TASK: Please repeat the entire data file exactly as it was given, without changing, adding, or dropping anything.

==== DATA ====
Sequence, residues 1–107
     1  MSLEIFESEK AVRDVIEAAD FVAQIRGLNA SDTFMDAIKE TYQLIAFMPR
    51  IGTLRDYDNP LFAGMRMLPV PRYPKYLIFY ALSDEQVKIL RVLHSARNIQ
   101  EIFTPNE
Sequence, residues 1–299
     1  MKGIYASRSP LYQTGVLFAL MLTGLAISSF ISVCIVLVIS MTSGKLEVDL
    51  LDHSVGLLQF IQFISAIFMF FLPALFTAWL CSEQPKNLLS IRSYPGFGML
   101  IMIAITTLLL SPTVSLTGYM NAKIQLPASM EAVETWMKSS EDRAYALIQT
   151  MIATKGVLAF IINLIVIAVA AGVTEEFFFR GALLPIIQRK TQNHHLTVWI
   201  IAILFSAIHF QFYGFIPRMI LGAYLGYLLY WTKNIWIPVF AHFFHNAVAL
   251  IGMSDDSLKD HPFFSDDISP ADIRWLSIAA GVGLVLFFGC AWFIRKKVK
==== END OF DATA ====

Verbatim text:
Sequence, residues 1–107
     1  MSLEIFESEK AVRDVIEAAD FVAQIRGLNA SDTFMDAIKE TYQLIAFMPR
    51  IGTLRDYDNP LFAGMRMLPV PRYPKYLIFY ALSDEQVKIL RVLHSARNIQ
   101  EIFTPNE
Sequence, residues 1–299
     1  MKGIYASRSP LYQTGVLFAL MLTGLAISSF ISVCIVLVIS MTSGKLEVDL
    51  LDHSVGLLQF IQFISAIFMF FLPALFTAWL CSEQPKNLLS IRSYPGFGML
   101  IMIAITTLLL SPTVSLTGYM NAKIQLPASM EAVETWMKSS EDRAYALIQT
   151  MIATKGVLAF IINLIVIAVA AGVTEEFFFR GALLPIIQRK TQNHHLTVWI
   201  IAILFSAIHF QFYGFIPRMI LGAYLGYLLY WTKNIWIPVF AHFFHNAVAL
   251  IGMSDDSLKD HPFFSDDISP ADIRWLSIAA GVGLVLFFGC AWFIRKKVK